U.S. Digital Response (USDR)

Helping small businesses find loans in a crisis

I joined a pro bono, non-partisan team to redesign an online loan eligibility checker. It has since been used by Hawaii, California, New Jersey, and Pittsburgh and has reached over 50,000 small business owners in need.

The final page of the results page featuring recommendations to the user including PPP Loans, EIDL, and State Programs.

anchor Overview and Goals

COVID-19 has made the flaws in our governments and societies more transparent than ever before.

As an employed East-Asian tech consultant, I have a secure income and even free time amidst a pandemic. I joined USDR (U.S. Digital Response) to redirect my privilege towards the service of others more deserving of its time.

I was brought onto the SMB Loans (Small Business Loans) team. Their mission? Help small business owners quickly understand which programs they qualify for and take the right steps to apply.

They had already made some quick and dirty progress in designing an eligibility form on behalf of the government of New Jersey, but needed some additional support.

Scrolling down a seemingly endless list of yes and no questions that are mostly disabled on New Jersey's Emergency Assistance Eligibility Wizard website.
The form was in need of a redesign due to its length and complexity.

I got caught up with the product manager, content writer, and lead designer. This helped me set two goals based on the team’s research so far:

  • Reduce complexity. Long forms can discourage completion, financial jargon can create barriers to small business owners, and visual complexity can cause fatigue.
  • Improve flexibility and accessibility. Our team wanted to partner with new governments and users. Design changes needed to be robust and inclusive before attractive and modern.

anchor One Thing Per Page

I suggested a transition to one thing per page. Rather than presenting all of the questions on only one page, switching to showing only one question per page would allow us to better achieve our design goals:

  • One thing per page reduces complexity. It reduces cognitive load, gives more visual and cognitive space to provide hints, eliminates the need to scroll, simplifies error validation, and creates a natural feeling of progression for the user.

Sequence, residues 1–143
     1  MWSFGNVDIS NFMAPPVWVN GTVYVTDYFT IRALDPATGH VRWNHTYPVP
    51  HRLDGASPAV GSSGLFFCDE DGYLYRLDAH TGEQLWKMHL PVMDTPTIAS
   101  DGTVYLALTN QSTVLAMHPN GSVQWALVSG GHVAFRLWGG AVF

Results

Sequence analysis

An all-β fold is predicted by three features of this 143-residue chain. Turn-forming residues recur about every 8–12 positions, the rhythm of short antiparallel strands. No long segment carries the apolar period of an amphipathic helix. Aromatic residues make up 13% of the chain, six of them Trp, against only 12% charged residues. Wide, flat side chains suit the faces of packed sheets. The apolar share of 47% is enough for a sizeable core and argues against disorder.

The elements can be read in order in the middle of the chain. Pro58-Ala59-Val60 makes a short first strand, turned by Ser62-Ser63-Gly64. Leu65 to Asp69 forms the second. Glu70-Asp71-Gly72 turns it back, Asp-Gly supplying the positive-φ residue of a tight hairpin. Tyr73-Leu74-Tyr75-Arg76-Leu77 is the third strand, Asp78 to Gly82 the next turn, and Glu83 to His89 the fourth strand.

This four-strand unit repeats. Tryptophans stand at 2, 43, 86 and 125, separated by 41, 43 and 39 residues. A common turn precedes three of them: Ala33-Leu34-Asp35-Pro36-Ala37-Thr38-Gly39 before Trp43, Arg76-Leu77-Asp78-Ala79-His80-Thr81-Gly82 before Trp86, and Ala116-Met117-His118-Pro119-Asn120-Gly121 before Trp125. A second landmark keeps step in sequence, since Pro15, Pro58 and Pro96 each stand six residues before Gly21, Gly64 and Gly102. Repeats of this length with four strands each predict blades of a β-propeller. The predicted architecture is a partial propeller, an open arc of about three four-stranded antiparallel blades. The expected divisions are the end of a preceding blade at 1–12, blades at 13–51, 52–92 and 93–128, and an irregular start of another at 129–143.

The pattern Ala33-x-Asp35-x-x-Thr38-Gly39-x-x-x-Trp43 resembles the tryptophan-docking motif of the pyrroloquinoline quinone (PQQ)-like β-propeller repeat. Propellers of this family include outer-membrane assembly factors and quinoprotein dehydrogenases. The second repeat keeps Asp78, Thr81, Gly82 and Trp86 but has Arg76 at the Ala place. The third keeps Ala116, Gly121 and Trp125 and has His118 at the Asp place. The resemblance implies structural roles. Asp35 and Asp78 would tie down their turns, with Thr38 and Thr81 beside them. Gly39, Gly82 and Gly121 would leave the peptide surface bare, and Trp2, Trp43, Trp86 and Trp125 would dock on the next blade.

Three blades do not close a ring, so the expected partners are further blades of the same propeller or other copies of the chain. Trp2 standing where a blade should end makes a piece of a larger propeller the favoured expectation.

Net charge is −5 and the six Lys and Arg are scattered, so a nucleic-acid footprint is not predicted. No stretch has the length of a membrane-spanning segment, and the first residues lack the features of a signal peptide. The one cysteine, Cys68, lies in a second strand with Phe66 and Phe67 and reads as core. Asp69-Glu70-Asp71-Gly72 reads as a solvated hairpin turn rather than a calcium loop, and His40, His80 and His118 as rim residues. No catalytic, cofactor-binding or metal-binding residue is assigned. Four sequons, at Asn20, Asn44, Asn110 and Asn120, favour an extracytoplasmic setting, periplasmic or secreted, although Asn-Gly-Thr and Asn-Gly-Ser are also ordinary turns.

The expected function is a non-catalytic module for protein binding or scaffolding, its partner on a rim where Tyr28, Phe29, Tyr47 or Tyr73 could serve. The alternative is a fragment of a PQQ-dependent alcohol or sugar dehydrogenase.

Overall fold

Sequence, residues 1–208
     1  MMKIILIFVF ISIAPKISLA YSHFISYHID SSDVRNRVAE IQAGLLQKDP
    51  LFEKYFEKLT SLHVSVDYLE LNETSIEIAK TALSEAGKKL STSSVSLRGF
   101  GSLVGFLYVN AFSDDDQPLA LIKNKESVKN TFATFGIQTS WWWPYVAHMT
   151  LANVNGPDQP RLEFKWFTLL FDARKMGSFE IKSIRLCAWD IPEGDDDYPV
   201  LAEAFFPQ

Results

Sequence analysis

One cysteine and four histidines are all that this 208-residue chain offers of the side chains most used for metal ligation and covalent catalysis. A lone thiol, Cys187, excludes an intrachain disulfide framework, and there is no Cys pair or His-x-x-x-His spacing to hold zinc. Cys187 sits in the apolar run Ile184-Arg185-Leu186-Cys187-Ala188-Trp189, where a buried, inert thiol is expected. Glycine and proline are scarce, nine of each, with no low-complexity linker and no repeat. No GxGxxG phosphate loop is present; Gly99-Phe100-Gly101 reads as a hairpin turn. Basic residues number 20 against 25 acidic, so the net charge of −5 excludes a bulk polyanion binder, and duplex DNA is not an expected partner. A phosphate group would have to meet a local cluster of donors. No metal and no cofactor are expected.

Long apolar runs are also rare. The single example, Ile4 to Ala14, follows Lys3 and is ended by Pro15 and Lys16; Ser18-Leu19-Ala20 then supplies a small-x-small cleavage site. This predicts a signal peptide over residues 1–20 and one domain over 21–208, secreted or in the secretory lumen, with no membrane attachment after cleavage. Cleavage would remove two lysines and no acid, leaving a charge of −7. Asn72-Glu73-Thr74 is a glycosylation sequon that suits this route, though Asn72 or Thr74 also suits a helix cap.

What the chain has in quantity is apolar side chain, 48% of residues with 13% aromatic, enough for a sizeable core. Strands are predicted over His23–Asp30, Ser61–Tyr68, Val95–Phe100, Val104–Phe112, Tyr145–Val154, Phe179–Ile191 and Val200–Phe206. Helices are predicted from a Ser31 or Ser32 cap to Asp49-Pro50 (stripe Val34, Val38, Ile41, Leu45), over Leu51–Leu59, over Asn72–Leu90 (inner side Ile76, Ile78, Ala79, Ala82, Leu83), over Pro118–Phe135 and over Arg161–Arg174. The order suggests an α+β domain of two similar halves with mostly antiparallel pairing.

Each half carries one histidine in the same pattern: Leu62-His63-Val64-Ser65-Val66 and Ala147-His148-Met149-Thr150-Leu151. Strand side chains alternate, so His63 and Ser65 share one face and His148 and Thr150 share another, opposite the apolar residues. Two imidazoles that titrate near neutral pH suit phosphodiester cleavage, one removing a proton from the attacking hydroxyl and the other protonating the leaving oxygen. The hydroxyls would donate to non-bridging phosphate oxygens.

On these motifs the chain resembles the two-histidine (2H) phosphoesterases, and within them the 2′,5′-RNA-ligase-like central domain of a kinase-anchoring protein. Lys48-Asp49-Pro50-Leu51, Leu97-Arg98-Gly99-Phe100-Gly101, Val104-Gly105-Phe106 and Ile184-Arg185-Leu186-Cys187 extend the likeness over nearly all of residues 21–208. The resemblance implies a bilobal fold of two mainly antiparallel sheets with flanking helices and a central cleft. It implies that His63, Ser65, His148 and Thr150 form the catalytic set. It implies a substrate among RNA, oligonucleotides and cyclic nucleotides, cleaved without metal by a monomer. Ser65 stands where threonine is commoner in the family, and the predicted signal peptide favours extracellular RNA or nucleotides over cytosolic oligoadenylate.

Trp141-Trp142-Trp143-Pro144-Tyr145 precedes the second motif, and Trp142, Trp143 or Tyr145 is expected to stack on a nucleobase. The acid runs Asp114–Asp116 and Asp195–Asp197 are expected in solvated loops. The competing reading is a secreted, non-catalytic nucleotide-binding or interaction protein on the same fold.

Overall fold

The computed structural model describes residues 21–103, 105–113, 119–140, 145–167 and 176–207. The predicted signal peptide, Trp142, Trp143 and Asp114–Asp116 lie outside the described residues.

• One thing per page improves flexibility and accessibility. It allows for the easier branching of questions, is simpler for screen-reader users to use, complements mobile-first design, and opens the opportunity to track behavior at the question level.

One thing per page was universally well-received by the team as it made it easier for us to reach new government partners and small business owners.

The first iteration was a long page to scroll on mobile.
The new prototyped version shown to the team featured one thing per page with a shorter set of questions.

anchor Smarter and Faster Recommendations

Upon completing the form, a user would be provided recommendations on the results page. Ideally, we wanted this page to nudge users into taking steps towards financial assistance more confidently.

However, too much information was a barrier to this goal. Finding the right PPP provider from a large list was especially difficult for small businesses without an existing bank relationship.

The original results page which featured large, generic grey boxes, long stretches of text, and litte styling.
Even in the case there were no recommendations, the results page was long and noisy.
The browseable list of PPP loans that was linked to from the results page provided no specific recommendations to the user aside from location.